Go to contents

State-of-the-art attire and shoes at the Olympics

Posted September. 26, 2000 19:47,   


Mankind's effort to go just 0.01 seconds faster is an endless one. This is especially true in swimming and sprint competitions, where 1/100ths of a second decides the winner. As long as there are limitations to human capability, science will be needed to break records. For swimmers and sprinters, their shoes and attire are a science in themselves.

At the Sydney Olympics, the full body swimsuit, which reduces friction with water, was a sensation. In 13 events, including the men's 100m freestyle race, 13 world records were set (7 men's, 6 women's). Experts agree that the full body swimsuit was the factor.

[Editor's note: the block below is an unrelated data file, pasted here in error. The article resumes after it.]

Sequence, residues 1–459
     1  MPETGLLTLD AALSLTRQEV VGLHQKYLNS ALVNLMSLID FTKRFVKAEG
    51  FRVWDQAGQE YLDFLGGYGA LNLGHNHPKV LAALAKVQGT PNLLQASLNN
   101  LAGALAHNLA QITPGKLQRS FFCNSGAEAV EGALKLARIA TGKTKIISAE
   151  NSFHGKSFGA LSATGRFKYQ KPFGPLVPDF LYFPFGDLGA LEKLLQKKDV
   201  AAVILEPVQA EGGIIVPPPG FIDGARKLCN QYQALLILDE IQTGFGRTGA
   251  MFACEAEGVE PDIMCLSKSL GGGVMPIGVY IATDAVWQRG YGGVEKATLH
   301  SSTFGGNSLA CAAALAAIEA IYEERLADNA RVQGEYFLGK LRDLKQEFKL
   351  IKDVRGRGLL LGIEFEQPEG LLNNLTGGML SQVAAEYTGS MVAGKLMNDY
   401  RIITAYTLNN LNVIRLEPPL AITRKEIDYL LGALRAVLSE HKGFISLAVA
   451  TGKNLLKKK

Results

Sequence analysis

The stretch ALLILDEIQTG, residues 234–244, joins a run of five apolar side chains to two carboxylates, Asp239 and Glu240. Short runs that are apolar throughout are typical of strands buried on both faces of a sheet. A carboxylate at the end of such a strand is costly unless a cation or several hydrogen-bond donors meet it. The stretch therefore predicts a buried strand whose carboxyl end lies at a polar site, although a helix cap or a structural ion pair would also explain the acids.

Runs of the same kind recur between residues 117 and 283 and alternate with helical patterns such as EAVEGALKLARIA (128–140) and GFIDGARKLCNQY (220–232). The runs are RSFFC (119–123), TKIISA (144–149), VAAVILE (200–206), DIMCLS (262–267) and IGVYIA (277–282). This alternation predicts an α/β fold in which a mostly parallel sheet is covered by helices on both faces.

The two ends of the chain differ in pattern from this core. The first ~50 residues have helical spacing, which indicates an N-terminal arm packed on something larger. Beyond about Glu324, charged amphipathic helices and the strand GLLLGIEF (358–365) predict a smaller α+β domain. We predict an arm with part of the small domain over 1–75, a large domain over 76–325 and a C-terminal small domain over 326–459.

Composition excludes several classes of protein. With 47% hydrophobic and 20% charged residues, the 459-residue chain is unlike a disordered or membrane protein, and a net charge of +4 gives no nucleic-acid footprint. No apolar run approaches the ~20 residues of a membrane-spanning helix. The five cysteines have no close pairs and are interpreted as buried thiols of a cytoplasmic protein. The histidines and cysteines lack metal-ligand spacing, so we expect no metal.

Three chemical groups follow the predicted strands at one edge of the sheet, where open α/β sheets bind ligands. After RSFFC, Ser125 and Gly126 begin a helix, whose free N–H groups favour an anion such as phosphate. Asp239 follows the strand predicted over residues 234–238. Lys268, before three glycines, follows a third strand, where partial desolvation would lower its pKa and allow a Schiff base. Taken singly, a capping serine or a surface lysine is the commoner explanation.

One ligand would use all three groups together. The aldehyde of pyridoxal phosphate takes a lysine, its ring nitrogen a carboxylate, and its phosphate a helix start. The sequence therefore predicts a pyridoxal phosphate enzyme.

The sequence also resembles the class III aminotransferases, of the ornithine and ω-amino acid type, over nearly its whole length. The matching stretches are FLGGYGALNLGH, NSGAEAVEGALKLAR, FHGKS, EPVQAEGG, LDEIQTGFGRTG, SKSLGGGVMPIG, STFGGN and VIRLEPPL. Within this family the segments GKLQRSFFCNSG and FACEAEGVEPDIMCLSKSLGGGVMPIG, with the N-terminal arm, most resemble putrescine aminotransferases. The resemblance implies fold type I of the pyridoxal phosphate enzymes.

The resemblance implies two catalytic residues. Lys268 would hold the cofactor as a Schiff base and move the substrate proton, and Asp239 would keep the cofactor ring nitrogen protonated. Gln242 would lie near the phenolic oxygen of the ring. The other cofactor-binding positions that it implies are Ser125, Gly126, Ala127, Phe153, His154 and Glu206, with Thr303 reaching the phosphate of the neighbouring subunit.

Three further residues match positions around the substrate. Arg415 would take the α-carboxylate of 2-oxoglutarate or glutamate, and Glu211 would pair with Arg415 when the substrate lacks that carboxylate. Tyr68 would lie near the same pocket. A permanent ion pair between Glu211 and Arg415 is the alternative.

The U.S. swim team, which won the 4x100 medley relay, gave the full body suit credit for their world record performance.

As the full body swimsuit became a sensation at the Olympics, the maker of the suit is boasting that it can reduce times by 3%.

In track and field, Marion Jones and Maurice Greene, the winner of the women's and men's 100m races, as well as 400m winner Michael Johnson, praised their specially designed shoes provided by Nike. In the case of Jones' semi-transparent plastic shoe, the special feature was that there was nothing covering her heel. Nike took into consideration the fact that Jones' heel never touches the track and eliminated the heel part, making the shoe only 100g. Michael Johnson succeeded in defending his Olympic 400m title with his 24k gold shoe. Australian heroine Cathy Freeman drew attention with her full body suit, which covered her from head to toe.

Kim Sang-Soo ssoo@donga.com